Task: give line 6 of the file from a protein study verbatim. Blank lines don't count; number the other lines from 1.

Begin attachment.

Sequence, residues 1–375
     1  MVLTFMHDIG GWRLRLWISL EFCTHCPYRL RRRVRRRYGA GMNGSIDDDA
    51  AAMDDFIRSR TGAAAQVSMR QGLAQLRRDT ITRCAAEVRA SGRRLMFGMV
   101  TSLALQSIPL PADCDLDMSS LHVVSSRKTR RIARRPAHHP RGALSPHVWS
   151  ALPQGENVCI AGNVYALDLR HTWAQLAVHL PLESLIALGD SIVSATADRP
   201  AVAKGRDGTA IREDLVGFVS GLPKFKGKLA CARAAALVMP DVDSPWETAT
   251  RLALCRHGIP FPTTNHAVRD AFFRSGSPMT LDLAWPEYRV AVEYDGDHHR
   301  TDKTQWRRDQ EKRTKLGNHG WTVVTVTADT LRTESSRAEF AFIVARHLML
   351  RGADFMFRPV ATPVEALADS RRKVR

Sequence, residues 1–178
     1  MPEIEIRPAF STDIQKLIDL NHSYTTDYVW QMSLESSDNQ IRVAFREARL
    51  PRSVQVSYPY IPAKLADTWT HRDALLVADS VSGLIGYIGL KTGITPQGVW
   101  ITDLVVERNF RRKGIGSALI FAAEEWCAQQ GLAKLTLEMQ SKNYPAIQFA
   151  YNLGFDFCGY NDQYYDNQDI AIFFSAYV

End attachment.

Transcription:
   201  AVAKGRDGTA IREDLVGFVS GLPKFKGKLA CARAAALVMP DVDSPWETAT